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(MARK BLINCH/Reuters)
(MARK BLINCH/Reuters)

Canadians more likely to rely on pharmacists as health source, survey finds Add to ...

Patients in Canada are more likely than those of many countries to rely on pharmacists as a source of health information and to want to have a say in how they are treated by doctors, according to a worldwide survey of attitudes towards health care.

The survey of residents in 28 countries across five continents was conducted by Environics Research Group. Part of the poll was previously released but the full report will only be made public later this week.

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According to polling data not released until now, Canadians rely on pharmacists to get health information at a much higher rate than that reported in most other countries surveyed.

Within the past year, 43 per cent of Canadian respondents said they had consulted a pharmacist as a source of information for health concerns.

In contrast, only 20 per cent of American respondents and 23 per cent in Britain turned to their pharmacists to inform themselves.

The incidence of Canadians who received health services from a pharmacist (58 per cent) was also higher than the global average (45 per cent).

In France, 85 per cent of respondents received treatment from a pharmacist. However, the Environics report noted that French pharmacists undergo longer training and have authority to treat minor ailments.

“In Canada, the physician is usually the initial point of consultation for these types of issues, whereas in France, it is the pharmacist,” the survey report said.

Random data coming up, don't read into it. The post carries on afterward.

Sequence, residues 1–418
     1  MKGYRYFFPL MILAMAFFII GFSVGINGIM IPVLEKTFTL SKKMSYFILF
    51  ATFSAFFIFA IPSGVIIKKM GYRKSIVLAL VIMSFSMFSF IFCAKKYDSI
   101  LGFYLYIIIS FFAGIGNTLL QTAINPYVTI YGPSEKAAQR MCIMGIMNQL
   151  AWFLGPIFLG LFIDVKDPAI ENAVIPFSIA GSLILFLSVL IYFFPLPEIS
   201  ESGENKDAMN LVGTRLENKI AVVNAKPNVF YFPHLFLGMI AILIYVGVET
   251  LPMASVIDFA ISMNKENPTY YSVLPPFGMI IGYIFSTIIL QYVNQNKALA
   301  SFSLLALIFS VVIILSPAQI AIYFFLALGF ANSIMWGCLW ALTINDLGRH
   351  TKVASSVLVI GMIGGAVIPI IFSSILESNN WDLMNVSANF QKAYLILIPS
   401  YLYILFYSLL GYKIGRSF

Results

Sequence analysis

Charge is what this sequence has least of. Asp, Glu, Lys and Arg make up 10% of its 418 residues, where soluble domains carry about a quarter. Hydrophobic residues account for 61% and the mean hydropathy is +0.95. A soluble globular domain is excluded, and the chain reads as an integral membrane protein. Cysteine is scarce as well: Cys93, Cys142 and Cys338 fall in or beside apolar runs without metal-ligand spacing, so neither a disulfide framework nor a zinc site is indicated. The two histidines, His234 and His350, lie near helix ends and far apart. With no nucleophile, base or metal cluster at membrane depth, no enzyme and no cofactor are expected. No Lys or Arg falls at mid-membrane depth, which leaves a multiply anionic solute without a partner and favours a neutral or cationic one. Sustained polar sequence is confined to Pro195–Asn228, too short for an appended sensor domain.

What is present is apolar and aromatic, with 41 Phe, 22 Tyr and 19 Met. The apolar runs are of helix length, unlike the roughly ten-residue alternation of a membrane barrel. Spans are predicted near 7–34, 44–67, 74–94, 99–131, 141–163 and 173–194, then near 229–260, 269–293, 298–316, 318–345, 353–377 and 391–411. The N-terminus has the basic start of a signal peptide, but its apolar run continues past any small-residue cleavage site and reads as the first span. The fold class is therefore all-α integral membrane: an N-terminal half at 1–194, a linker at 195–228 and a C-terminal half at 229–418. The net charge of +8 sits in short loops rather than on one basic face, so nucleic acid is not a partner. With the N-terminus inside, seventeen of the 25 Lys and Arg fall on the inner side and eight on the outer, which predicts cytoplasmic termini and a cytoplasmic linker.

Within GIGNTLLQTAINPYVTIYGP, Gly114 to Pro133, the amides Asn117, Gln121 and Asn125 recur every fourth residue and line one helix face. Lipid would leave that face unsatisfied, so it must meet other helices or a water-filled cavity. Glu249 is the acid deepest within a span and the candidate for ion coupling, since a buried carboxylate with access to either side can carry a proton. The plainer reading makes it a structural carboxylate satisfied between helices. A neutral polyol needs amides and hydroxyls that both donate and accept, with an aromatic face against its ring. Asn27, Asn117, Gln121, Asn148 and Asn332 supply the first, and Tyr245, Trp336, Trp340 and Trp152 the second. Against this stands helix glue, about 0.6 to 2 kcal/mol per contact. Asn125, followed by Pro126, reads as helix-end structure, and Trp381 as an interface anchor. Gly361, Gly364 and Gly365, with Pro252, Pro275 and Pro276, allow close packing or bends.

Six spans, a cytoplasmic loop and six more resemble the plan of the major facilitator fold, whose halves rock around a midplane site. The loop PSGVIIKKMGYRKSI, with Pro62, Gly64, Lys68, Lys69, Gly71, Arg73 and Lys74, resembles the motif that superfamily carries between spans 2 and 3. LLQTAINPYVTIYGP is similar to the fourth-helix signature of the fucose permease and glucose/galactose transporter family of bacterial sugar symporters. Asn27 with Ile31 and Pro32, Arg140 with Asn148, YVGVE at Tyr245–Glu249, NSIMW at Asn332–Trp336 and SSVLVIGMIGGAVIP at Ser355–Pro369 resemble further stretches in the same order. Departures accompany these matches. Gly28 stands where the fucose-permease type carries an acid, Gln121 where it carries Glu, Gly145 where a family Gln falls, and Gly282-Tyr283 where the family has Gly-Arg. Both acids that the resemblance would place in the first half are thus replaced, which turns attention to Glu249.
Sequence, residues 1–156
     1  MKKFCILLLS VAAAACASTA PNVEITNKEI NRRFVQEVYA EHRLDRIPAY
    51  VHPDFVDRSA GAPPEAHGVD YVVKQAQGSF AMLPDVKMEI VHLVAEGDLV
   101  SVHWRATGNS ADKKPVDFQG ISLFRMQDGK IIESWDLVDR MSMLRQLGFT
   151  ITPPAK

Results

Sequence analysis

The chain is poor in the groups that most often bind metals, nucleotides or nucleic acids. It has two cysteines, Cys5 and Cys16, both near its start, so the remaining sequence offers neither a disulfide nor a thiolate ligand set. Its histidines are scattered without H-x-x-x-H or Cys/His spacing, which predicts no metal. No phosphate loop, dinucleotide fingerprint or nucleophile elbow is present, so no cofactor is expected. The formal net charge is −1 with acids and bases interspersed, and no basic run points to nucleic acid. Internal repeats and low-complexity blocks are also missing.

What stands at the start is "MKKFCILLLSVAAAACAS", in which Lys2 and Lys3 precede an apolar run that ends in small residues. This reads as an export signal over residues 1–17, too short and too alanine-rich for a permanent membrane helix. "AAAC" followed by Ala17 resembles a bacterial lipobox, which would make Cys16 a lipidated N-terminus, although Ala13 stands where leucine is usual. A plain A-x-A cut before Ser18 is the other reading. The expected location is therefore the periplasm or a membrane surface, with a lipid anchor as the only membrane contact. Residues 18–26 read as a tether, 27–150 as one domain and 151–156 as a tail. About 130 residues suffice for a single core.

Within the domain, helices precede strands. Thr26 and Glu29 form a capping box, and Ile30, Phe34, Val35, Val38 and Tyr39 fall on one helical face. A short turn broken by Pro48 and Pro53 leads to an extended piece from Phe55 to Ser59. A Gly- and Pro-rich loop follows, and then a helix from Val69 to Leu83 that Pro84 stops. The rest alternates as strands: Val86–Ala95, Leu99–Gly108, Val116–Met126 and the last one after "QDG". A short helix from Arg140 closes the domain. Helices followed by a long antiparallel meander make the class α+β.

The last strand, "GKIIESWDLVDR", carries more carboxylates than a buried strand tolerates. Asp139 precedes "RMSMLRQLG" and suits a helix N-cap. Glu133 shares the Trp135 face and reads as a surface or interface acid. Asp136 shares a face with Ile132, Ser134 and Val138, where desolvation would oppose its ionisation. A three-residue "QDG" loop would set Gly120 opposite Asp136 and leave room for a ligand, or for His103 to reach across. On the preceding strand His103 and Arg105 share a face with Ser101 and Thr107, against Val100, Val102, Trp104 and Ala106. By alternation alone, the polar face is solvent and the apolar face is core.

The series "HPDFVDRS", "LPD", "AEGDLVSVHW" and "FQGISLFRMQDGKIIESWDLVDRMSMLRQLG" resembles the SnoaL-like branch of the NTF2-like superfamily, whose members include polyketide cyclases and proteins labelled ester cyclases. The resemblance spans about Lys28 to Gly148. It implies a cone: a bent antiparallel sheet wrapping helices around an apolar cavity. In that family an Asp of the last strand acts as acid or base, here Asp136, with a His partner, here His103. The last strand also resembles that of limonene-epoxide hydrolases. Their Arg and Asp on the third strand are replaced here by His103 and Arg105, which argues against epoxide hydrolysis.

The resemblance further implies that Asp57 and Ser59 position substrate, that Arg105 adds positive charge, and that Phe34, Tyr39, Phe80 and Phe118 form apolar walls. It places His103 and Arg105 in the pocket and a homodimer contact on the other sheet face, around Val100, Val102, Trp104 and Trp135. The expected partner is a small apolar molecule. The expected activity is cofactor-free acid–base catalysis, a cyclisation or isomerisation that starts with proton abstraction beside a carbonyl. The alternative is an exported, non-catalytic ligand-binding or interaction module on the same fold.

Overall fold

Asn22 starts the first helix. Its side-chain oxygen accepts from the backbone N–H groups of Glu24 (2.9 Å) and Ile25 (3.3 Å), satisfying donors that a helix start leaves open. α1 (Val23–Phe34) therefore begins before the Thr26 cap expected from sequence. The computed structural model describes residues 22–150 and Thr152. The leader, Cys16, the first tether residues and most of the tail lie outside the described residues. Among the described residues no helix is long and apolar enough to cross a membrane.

The opinion poll also found that a majority of Canadian (75 per cent) said they wanted to make treatment decisions jointly with their doctors.

Similar numbers were recorded in Germany and Slovenia, while 82 per cent of Americans and 79 per cent of Hungarians said they wanted to have an input on their health treatment.

In general, respondents in G8 nations wanted to have a say in their treatment, Environics found.

In 10 countries – Romania, India, Egypt, Indonesia, Chile, Lithuania, Colombia, China, Pakistan and Turkey – patients preferred leaving the decision making to their doctors.

“Nations that tend to have lower levels of Internet access and other mass media penetration tend to be the ones where people look to the physician to make the treatment decision on their behalf,” the survey report said.

Previously released data from the poll showed that nearly two-thirds of Canadians believe inefficient management, not lack of money, is the main problem hobbling the country’s health care system.

Among G8 countries, Canada was the only one where a majority of respondents (52 per cent) had a positive view of their health system.

However, respondents who used the system more frequently liked it less. For example, 53 per cent of Canadians who took prescription medication for a chronic condition were more likely to state that the system is either in or heading to a state of crisis.

Environics' Global Health Perspectives survey was conducted between August and October of last year. It polled 22,364 residents of 28 countries. In Canada, 1,006 adults were polled online.

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